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As a native Detroiter, Dennis Brown long has noted Interstate 94’s condition.

So when the Michigan Department of Transportation hosted a meeting Wednesday night to update the public on a planned modernization project for the heavily traveled freeway in Detroit, he was eager to learn more about possible improvements.

“You can get an idea of what it will look like,” Brown said while standing near project renderings at Detroit’s Cathedral Church of St. Paul. “It’s something that’s needed. I’ll really be looking forward to seeing this.”

He and other area residents had a chance to offer feedback on proposed changes to the modernization project, which aims to overhaul nearly seven miles of the interstate between Conner Avenue and Interstate 96 starting as early as 2019. Upgrades include updating utility and bridge replacement, enhancing freeway interchanges and erecting an additional freeway lane.

An update is needed, MDOT officials have said, since the freeway was built between 1947 and 1959.

State officials have estimated upgrades could cost nearly $3 billion and take nearly 20 years. Fixes were identified as part of an environmental study that started in the 1990s and ended in 2005. That was the year the Federal Highway Administration issued a record of decision that approved the reconstruction and paved the way for an update, MDOT said.

Drawing on input from public meetings in 2015, a team of Detroit officials and MDOT this year evaluated proposed modifications. Those include community connector bridges at Second Avenue and Cass and Conner; green spaces; buffered bike lanes; wider sidewalks; and using more of the local street system to minimize impact to neighborhood and historic sites.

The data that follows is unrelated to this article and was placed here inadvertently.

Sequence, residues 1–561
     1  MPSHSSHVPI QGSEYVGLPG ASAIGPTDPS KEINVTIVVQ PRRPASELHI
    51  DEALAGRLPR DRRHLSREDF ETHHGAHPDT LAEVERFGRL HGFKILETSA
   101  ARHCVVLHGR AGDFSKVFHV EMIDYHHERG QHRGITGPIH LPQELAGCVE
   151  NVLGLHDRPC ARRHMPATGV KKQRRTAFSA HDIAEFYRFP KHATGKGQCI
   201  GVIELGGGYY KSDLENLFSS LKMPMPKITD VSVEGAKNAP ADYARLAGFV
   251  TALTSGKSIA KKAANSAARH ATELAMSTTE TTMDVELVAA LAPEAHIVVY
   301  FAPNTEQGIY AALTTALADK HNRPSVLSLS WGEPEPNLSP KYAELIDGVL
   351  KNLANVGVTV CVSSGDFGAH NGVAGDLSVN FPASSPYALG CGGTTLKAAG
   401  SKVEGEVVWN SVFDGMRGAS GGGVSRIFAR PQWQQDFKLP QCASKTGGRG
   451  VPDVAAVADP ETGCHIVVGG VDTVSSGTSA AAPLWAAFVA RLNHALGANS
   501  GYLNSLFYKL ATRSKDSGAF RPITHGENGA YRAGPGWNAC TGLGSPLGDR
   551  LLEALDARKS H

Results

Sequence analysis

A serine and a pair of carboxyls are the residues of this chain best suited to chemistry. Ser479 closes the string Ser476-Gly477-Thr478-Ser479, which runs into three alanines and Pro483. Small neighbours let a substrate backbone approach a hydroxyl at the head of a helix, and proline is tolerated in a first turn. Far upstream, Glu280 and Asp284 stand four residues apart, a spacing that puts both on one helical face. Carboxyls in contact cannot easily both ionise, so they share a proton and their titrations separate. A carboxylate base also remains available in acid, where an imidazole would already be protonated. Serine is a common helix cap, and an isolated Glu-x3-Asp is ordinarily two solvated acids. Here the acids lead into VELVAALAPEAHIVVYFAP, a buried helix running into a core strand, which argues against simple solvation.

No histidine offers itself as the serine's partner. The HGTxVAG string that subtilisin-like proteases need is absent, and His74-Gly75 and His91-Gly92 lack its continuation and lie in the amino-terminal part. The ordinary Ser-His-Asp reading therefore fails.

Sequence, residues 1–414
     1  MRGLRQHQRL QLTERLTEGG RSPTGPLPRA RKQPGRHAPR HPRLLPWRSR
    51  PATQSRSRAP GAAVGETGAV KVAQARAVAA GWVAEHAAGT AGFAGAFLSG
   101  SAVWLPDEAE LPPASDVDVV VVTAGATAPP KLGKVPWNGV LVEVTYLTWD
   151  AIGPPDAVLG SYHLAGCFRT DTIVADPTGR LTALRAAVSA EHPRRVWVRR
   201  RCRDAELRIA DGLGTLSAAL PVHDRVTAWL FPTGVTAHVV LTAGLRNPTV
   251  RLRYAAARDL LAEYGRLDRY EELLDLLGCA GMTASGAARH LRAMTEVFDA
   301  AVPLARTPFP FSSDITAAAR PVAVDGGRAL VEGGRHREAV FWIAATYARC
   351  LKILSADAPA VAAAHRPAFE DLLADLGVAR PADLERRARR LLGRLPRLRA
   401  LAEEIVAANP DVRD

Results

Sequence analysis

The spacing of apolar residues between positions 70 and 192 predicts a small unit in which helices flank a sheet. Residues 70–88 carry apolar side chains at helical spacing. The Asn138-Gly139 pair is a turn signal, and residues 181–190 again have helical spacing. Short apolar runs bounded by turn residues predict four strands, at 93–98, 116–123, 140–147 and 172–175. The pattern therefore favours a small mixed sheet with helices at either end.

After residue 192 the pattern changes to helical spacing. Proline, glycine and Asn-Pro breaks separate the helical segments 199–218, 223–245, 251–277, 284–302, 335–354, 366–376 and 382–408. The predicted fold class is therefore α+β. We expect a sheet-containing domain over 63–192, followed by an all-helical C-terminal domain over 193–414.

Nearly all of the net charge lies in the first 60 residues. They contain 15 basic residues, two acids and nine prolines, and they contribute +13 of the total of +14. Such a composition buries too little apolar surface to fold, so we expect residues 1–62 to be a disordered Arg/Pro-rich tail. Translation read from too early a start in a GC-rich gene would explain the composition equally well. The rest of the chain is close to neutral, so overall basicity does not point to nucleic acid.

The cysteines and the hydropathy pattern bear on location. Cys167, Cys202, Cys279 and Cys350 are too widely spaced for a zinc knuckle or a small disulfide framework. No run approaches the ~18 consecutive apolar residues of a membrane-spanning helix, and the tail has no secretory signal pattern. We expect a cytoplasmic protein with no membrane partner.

Gaining the community’s perspective on the proposals helps complete the project design, MDOT spokesman Rob Morosi said. “We want to make sure this fits into the future vision for the city.”

At the church Wednesday, more than 40 people pored over poster boards and layouts showing features of the project, from corridor connectivity to right-of-ways. Some attendees peppered MDOT staff and consultants with questions or scribbled suggestions on neon note papers.

Kenny Andejeski, who lives in the Virginia Park area, was excited to learn about plans to convert some pedestrian bridges into “complete street connections” allowing access by car, bus, biking and walking.

“I think the concept will really encourage people to explore,” he said.

Another project meeting is scheduled for 2-4 p.m. and 6-8 p.m. Thursday at Wayne County Community College District Eastern Campus, 5901 Conner Ave., Detroit. For information: www.michigan.gov/mdot.

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